Needle guidance using conventional CT can be performed without any radiation dose to the operator and is considered to be accurate and safe, but is however time consuming . With the introduction of CT fluoroscopy, first described in 1994 by Katada et al. , real-time visualization was possible making needle placement quicker, at least with the same accuracy, but resulting in a higher radiation dose to the radiologist . There is a large variation in the reported scatter radiation dose during CT-fluoroscopy guidance procedures, due to different CT-fluoroscopy settings, use of needle guidance devices, radiation protection drapes, operator experience and method and region of measurement . The reported dose per CT-fluoroscopy guided procedure is between 7–2200 µSv and dose rate between 0.2–39.5 µSv/sec [3, 4]. Using CBCT guidance the highest dose rate is in progress view with the tube near to the interventional radiologist. This dose rate is 0.67 µSv/sec, which is well in the lower part of the reported CT-fluoroscopy dose rate. In this position the gonad region is behind the tube, which in itself absorbs the dose but the thyroid region is in the peak scatter region.
Compared to the live cases we found a considerable difference in the dose, especially for the thyroid and gonad region. A probable explanation for this is that the calculated doses are, despite being clinical representative measurement points, in fact static points. During a live case the operator will move and the use of shielding is not always maximal. Therefore the measurement in the scatter radiation model with shielding is definitely lower because optimal shielding was always present. However, the extrapolated dose, without any form of shielding, still results in a very low scatter radiation dose for the operator. To reach the maximal annual dose limit (of 20 mSv whole body effective dose in Europe) an interventional radiologist can perform approximately 240 cases a year [17, 18, 21, 22]. Considering this, the model without shielding overestimated the dose and the true scatter radiation dose will be in the lower half between the dose without shielding and with shielding. Despite the quite low doses in the model without the shielding, the use of shielding is always recommended.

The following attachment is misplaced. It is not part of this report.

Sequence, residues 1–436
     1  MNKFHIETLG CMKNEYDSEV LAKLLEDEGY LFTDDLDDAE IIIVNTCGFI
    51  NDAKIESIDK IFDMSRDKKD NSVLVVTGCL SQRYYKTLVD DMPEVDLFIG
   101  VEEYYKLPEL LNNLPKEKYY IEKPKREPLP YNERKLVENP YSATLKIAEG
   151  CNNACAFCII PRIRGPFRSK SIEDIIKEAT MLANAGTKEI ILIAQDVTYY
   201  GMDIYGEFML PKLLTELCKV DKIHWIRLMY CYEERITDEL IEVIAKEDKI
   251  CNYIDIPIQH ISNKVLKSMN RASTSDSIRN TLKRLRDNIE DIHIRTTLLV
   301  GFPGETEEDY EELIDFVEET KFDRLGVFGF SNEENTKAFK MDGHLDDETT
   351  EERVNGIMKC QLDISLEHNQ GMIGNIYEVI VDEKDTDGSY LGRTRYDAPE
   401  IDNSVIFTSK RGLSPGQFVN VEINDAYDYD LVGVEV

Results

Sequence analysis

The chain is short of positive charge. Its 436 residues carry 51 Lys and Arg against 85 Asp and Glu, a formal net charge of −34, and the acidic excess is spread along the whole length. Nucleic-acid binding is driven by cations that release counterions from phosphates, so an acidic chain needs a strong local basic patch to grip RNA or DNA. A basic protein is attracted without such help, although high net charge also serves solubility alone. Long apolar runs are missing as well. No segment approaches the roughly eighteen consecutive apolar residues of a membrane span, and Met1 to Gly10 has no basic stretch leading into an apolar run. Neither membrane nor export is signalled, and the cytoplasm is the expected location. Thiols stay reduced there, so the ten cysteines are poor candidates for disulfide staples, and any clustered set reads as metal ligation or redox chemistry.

Using radiation shielding (couch and ceiling) the scatter dose can be reduced by 25–99% [2, 14, 19, 20]. In our study we found dose reductions comparable to the reported upper limit in the literature. Disposable radiation protection drapes are reported to reduce the scatter dose, but this was during CT-fluoroscopy guided procedures [21, 22]. Using only disposable radiation protection drapes we found that the total scatter dose is even higher for the thyroid and gonad region than without any shielding. Probably this is because the drapes are only horizontally on top of the patient and result in more scatter because of the automatic fluoroscopy settings of the system. Using both the disposable radiation protection drapes and the couch and ceiling shielding the additional effect of the radiation protection drapes is significant. Also the dose to the patient can be altered due to these disposable radiation protection drapes because of alteration of the exposure factors, but this should be further investigated.